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21. Having thus obtained very great influence in the city, he effected the appointment of Teleutias, his half-brother on his mother's side, as admiral. Then he led an army to Corinth, and himself, by land, captured the long walls, while Teleutias, with his fleet, seized the enemy's ships and dockyards. Then coming suddenly upon the Argives, 1 who at that time held Corinth, and were celebrating the Isthmian games, he drove them away just as they had sacrificed to the god, and made them abandon all their equipment for the festival. [2] At this, the exiles from Corinth who were in his army begged him to hold the games. This, however, he would not do, but remained at hand while they held the games from beginning to end, and afforded them security. Afterwards, when he had departed, the Isthmian games were held afresh by the Argives, and some contestants won their victories a second time, while some were entered in the lists as victors in the first contests, but as vanquished in the second. [3] In this matter Agesilaüs declared that the Argives had brought down upon themselves the charge of great cowardice, since they regarded the conduct of the games as so great and august a privilege, and yet had not the courage to fight for it. He himself thought that moderation ought to be observed in all these matters, and sought to improve the local choirs and games. These he always attended, full of ambitious ardour, and was absent from no contest in which either boys or girls competed. Those things, however, for which he saw the rest of the world filled with admiration, he appeared not even to recognize. [4] Once upon a time Callipides the tragic actor, who had a name and fame among the Greeks and was eagerly courted by all, first met him and addressed him, then pompously thrust himself into his company of attendants, showing plainly that he expected the king to make him some friendly overtures, and finally said: ‘Dost thou not recognize me, O King?’ The king fixed his eyes upon him and said: ‘Yea, art thou not Callipides the buffoon?’ For this is how the Lacedaemonians describe actors. And again, when he was invited to hear the man who imitated the nightingale, he declined, saying: ‘I have heard the bird herself.’ 2 [5] Again, Menecrates the physician, who, for his success in certain desperate cases, had received the surname of Zeus, and had the had taste to employ the appellation, actually dared to write the king a letter beginning thus: ‘Menecrates Zeus, to King Agesilaüs, greeting.’ To this Agesilaüs replied: ‘King Agesilaüs, to Menecrates, health and sanity.’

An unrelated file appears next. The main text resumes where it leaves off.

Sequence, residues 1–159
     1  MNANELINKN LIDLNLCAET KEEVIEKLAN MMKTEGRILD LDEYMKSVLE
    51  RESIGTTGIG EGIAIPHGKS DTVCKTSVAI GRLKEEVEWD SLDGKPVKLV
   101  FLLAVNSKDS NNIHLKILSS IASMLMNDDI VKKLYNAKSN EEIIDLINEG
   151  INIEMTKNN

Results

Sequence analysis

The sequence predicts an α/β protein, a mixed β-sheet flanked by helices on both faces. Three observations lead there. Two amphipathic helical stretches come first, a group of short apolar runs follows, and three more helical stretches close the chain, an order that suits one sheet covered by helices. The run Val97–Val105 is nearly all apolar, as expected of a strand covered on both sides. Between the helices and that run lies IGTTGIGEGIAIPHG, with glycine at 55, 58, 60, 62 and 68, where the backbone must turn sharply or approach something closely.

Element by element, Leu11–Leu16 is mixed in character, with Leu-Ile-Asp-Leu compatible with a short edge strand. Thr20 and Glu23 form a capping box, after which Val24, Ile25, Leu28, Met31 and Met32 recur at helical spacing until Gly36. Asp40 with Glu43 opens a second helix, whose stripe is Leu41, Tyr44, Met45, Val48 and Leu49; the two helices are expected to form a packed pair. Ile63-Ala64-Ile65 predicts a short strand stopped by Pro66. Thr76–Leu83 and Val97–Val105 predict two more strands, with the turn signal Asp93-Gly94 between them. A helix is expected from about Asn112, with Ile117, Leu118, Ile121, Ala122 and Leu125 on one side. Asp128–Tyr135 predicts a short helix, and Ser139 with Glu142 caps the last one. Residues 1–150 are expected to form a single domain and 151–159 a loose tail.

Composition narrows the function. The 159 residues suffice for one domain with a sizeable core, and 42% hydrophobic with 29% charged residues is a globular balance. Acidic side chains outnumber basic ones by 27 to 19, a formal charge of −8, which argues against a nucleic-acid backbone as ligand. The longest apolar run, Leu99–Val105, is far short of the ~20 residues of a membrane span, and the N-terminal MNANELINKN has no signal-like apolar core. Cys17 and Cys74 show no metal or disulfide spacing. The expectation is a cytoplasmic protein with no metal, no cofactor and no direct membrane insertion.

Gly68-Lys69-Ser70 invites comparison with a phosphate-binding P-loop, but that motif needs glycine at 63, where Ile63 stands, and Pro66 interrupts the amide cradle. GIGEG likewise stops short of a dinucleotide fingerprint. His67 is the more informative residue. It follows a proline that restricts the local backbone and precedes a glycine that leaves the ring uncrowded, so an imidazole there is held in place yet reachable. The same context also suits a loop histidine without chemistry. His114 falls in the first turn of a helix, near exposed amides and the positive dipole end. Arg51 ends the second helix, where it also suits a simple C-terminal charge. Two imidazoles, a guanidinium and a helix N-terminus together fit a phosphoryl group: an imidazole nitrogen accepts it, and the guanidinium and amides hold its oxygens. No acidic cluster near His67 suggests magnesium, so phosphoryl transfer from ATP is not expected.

1 Plutarch confuses the expedition of 393 B.C. ( Xenophon, Hell. iv. 4. 19) with that of 390 B.C. ( Xenophon, Hell. iv. 5, 1 ff.).

2 Cf. the Lycurgus, xx. 5.

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